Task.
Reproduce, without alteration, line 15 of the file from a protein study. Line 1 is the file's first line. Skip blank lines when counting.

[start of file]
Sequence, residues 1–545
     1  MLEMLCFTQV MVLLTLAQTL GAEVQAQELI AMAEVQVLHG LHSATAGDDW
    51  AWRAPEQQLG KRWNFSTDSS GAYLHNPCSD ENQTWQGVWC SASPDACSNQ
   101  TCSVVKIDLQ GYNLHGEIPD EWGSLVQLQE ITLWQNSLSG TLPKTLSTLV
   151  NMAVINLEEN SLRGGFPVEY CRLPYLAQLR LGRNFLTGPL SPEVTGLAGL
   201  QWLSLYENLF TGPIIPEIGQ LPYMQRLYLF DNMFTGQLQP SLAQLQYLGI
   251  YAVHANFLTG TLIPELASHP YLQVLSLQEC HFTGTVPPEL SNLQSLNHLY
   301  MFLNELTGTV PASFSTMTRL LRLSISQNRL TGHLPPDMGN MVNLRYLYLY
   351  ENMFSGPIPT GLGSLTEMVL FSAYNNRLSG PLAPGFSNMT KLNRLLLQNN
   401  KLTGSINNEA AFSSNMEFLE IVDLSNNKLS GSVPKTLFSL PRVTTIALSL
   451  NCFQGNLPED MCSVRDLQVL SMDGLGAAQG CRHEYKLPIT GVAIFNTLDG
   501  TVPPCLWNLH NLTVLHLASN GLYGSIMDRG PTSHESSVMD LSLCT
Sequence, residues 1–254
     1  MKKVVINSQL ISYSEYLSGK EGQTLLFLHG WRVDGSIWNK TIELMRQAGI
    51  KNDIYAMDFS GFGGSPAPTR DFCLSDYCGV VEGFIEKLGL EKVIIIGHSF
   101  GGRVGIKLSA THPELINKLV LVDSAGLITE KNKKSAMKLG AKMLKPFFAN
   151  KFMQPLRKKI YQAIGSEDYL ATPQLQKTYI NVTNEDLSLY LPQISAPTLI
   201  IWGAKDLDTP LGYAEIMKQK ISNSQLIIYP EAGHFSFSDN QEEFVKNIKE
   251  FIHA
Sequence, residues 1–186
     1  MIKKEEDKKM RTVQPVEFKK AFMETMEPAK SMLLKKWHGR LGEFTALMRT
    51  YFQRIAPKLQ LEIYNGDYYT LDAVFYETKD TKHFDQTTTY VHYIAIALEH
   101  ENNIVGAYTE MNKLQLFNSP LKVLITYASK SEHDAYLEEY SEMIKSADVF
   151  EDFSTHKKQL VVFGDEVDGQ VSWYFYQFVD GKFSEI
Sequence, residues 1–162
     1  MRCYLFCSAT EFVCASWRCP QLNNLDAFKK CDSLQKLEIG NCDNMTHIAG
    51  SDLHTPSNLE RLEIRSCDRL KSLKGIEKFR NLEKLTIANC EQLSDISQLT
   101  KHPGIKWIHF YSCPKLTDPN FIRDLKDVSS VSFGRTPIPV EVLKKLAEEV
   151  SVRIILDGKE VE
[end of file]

    51  KNDIYAMDFS GFGGSPAPTR DFCLSDYCGV VEGFIEKLGL EKVIIIGHSF